an even or odd field detector which detects the state of said even or odd field by deriving a signal from said composite synchronizing signal, from said equalization pulse and noise eliminator, and from said vertical synchronization detector;
a vertical control circuit for generating a scanning signal derived from said vertical synchronizing signal and the state of said even or odd field.
2. A television synchronization signal separator as described in claim 1 wherein said equalization pulse and noise eliminator comprises:
a first input terminal for inputting said composite synchronizing signal,
a second input terminal for inputting said high frequency signal,
a first flip-flop, whose clock input terminal is connected to said first input terminal and whose data input is connected to a high logic "1" voltage,
a second flip-flop whose clock input is connected to the data output terminal of said first flip-flop, whose data input terminal is connected to said logic "1" voltage, and whose output terminal is connected to said phase-locked loop,
a second counter whose clock input terminal is connected to said second input terminal, and whose reset terminal is connected to the output terminal of said first flip-flop,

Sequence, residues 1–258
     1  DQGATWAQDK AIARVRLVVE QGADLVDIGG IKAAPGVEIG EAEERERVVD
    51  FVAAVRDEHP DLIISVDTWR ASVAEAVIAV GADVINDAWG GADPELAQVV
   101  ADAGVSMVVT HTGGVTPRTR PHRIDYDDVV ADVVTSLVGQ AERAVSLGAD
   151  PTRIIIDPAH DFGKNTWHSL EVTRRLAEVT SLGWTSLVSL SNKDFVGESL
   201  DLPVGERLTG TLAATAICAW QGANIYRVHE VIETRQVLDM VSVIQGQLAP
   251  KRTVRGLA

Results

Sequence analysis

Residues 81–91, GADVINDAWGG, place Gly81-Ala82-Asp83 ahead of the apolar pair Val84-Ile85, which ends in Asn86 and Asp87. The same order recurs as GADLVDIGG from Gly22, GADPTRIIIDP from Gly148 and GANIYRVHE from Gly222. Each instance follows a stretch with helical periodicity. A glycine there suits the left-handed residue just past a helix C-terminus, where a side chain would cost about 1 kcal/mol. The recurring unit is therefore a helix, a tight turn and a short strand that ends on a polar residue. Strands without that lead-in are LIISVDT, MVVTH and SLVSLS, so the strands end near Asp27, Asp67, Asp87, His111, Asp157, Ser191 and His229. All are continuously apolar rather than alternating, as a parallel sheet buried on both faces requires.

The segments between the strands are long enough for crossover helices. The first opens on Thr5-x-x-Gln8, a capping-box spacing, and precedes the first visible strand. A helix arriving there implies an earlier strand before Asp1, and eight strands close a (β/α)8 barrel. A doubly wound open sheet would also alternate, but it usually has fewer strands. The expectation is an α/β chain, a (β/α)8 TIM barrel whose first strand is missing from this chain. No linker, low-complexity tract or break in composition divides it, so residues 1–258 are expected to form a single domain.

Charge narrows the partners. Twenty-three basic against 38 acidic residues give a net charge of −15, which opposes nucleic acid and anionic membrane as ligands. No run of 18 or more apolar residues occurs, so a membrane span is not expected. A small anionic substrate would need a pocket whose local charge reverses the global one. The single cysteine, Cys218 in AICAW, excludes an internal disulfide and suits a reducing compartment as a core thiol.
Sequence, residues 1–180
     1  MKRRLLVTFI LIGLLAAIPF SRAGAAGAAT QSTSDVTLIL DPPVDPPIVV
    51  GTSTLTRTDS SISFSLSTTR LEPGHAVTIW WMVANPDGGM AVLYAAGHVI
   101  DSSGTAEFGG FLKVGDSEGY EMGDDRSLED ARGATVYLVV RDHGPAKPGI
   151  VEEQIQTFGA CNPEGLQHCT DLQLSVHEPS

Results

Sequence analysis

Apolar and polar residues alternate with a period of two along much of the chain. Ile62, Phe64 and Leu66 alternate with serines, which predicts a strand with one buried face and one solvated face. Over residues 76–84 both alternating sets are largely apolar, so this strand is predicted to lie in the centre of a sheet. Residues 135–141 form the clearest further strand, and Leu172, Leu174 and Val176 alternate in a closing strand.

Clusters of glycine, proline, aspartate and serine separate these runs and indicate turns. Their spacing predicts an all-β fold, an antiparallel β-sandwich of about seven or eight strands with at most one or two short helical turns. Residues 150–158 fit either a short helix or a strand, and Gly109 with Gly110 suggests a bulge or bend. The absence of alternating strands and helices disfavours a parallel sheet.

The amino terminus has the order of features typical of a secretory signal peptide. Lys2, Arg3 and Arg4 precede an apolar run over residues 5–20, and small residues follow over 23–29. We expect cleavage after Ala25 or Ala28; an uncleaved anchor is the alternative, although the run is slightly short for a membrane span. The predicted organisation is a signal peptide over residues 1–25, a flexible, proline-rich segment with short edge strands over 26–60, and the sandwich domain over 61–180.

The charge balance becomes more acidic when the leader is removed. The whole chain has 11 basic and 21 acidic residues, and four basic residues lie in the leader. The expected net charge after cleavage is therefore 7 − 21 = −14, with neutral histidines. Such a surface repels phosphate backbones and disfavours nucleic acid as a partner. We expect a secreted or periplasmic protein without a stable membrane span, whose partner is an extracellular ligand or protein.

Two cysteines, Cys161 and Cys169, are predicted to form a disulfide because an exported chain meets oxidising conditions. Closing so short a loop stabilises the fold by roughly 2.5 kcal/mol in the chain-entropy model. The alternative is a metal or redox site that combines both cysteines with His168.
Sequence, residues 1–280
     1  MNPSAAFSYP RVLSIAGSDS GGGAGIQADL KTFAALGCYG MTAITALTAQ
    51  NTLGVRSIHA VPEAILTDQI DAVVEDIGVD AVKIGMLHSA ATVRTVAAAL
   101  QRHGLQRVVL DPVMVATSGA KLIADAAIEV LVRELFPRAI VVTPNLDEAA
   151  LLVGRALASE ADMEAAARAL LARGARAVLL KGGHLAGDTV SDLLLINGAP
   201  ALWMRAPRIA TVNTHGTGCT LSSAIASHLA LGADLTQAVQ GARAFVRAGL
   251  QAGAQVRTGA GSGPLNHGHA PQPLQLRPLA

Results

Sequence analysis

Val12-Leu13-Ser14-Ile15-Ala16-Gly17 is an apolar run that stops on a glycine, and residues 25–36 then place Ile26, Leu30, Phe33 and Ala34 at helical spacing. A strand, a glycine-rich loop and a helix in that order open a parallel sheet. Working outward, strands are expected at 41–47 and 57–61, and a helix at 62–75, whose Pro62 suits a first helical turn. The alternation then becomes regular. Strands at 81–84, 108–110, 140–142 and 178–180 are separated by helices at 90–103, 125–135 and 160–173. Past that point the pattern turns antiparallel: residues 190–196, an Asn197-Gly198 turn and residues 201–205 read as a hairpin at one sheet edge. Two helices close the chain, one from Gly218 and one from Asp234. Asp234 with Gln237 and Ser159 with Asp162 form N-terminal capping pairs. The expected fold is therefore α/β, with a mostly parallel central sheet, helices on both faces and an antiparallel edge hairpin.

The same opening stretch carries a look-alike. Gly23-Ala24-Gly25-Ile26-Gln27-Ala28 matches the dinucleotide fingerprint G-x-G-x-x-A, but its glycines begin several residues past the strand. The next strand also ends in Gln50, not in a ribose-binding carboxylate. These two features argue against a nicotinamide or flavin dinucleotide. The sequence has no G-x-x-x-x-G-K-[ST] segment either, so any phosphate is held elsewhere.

a first decoder whose input terminal is connected to the output terminals of said second counter, and whose output terminal is connected to the reset terminal of said second flip-flop for resetting said second flip-flop to zero output when said second counter counts up to a time equal to a preset time of said first flip-flop,
a second decoder whose input terminals are connected to the outputs of said second counter and whose output terminal is connected to the reset terminal of said first flip-flop for resetting when said second counter counts up to a time equal to a preset time of said second flip-flop.
3. A television synchronization signal separator as described in claim 2, wherein said preset time for said first decoder is equal to approximately 50% of said horizontal scanning time of a television signal, and said second flip-flop is clocked by the output of said first flip-flop.
4. A television synchronization separator as described in claim 2, wherein said preset time for second decoder is equal to approximately 85% of said horizontal scanning time.
5. A television synchronization signal separator as described in claim 2, wherein said vertical synchronization detector comprises: